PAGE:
This is the capacitor calculator - an all-encompassing tool that helps you answer the questions What is the capacitor code? and What is the general formula for capacitors?
While this calculator is both a code to capacity and capacity to code converter, it also finds the stored charge for a capacitor with specific parameters. Have you ever wondered what the 3-digit capacitor codes mean? In the text, you'll find an explanation - with examples!
If in doubt of capacitance units, you'd better try our capacitor conversion calculator.
The most general equation for capacitors states that:
C = Q / V,
Cis the capacitance of the electronic element.
Qis the electrical charge stored in the capacitor.
Vis the voltage on the capacitor.
The formula indicates that the capacitor is a passive element capable of storing electric charge as long as we apply some voltage across it.
Did you know that there are multiple types of capacitors? The most popular are parallel plates and cylindrical ones, but we also use spherical ones (check our spherical capacitor calculator to see how to estimate its capacitance).
Nevertheless, the general capacitor formula is the same in each case - charges of equal absolute values, but different signs are stored on opposing sides of the capacitor.
Moreover, capacitors can be arranged both in series and in parallel. In either case, we can treat such systems as ones containing a single capacitor with a resulting capacitance being the sum of all parts.
🔎 If you want to work out some examples of capacitive circuits, here are Omni's capacitors in series calculator and parallel capacitor calculator that may help you with the task.
Every capacitor usually has two numbers that characterize it. These are its capacitance and voltage rating. The latter tells us the maximum voltage at which the element will still work correctly. The producers often write the capacity directly, so when you see a capacitor with 220 µF 25 V, it simply means that it has a capacity of 220 µF and works safely with voltages up to 25 V.
However, when the capacitance is lower than 100 µF, we can usually find a 3-digit capacitor code that defines the value. The rule is simple: The first and second digits tell us about the capacity in pF (picofarads), while the third one is a multiplier factor (the power of 10) - for the number n, the capacitance is multiplied by 10ⁿ. It's just another way to use scientific notation to describe big numbers. The last digit is usually within the range of 0-6.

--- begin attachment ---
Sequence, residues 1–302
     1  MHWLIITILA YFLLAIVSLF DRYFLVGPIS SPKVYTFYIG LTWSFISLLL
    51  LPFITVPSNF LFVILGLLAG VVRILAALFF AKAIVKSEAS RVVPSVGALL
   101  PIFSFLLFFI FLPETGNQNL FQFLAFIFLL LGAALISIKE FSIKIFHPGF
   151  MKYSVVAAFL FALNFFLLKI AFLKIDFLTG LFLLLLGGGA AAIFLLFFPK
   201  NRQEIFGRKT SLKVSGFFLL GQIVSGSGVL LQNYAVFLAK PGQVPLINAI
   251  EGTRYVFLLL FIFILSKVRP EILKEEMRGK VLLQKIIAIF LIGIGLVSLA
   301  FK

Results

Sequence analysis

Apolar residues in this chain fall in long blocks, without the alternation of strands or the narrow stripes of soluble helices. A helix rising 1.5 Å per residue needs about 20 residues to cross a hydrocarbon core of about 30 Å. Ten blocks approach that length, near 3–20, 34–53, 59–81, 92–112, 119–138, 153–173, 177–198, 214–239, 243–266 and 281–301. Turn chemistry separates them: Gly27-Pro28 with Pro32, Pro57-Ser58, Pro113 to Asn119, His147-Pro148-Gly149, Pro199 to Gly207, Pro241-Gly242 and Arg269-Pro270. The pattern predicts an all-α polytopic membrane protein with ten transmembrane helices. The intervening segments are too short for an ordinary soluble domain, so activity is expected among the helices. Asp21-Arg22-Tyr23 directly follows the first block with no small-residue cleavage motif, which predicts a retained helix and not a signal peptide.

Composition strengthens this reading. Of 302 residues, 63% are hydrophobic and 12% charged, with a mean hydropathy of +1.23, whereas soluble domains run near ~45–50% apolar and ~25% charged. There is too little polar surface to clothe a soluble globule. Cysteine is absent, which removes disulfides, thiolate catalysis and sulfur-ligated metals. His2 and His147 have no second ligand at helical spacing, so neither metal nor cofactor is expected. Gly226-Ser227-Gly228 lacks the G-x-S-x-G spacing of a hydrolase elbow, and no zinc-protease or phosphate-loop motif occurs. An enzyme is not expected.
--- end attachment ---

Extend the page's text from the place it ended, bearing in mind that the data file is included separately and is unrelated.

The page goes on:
If there is a one- or two-digit number, it simply defines the value in pF.
Let's take a look at an example. We have a capacitor code 104:
The first two digits tell about the capacity in pF, which is 10 pF.
The 3ʳᵈ digit is the multiplier factor - 10⁴ or 10,000.
The resulting value is then 10 pF × 10⁴ = 10⁵ pF, or 100 nF, or 0.1 µF.
We can also ask the reverse: What is the capacitor code for a known capacity? Let's try with a capacitor with C = 1.24 µF:
We need two digits for the initial two digits of the code, so it's time to round the value to two significant figures - 1.24 µF → 1.2 µF. So the code will start with 12·.
To find the last digit, we have to use proper capacity units, pF – 1.2 µF = 1,200,000 pF = 12 × 10⁵ pF.
Out of this form, we can immediately identify that the 3ʳᵈ digit is 5.
Therefore capacitor code for a capacitance of 1.24 µF is 125.
Fortunately, this capacitor calculator works both as a code to capacity and a capacity to code converter! Just choose the appropriate field for data input, and the outcome appears in the blink of an eye!
What is the capacitor tolerance code?
Right next to the 3-digit capacitor code, you can usually find a letter describing the tolerance range in which the actual value of the capacitance is. We can write both absolute values and percentage ranges. We gathered the most commonly used tolerance codes in the following table:
Let's see how our capacitor calculator deals with the code containing a tolerance letter, e.g., 104K:
From the previous paragraph, we can write the value of capacity,
Using the table above, we can determine the capacitor tolerance - the letter K corresponds to the
The upper limit is
110% × 100 nF = 110 nF, and the lower limit is
90% × 100 nF = 90 nF.
The range in which we can find the actual value of capacitance is between